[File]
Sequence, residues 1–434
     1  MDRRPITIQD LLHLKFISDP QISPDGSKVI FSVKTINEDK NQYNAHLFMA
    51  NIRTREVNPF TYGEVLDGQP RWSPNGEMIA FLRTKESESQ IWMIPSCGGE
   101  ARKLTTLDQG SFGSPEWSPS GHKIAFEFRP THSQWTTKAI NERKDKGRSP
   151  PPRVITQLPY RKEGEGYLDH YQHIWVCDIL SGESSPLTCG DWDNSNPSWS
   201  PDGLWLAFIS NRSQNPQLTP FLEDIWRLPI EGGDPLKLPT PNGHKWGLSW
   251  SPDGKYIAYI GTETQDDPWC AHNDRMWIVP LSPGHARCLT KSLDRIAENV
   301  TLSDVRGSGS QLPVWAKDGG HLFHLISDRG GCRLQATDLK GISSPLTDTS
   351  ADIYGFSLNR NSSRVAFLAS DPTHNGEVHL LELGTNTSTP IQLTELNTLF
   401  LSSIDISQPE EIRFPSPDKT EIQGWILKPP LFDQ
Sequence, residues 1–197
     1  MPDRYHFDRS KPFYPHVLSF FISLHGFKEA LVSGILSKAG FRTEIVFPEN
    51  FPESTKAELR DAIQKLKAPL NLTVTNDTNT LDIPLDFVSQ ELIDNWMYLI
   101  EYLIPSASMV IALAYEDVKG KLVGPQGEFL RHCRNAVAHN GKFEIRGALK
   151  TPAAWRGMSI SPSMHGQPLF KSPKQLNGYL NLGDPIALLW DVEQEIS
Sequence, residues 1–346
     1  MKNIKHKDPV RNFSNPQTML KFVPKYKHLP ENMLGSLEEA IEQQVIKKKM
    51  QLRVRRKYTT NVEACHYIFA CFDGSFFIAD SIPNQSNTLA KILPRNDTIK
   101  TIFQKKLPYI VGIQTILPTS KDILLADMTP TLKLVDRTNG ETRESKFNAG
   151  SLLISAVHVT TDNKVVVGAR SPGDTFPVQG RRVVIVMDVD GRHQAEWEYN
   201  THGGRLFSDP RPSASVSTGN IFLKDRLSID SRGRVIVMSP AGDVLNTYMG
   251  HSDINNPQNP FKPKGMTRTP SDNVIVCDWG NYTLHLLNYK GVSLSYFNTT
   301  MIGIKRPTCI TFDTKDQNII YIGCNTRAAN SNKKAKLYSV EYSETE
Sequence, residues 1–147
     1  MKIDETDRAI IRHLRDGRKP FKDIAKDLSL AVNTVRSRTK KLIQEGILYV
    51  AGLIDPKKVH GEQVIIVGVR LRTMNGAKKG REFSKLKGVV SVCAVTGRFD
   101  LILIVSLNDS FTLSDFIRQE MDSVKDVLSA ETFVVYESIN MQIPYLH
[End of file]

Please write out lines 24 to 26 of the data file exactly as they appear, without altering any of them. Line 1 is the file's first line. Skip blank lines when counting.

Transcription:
Sequence, residues 1–147
     1  MKIDETDRAI IRHLRDGRKP FKDIAKDLSL AVNTVRSRTK KLIQEGILYV
    51  AGLIDPKKVH GEQVIIVGVR LRTMNGAKKG REFSKLKGVV SVCAVTGRFD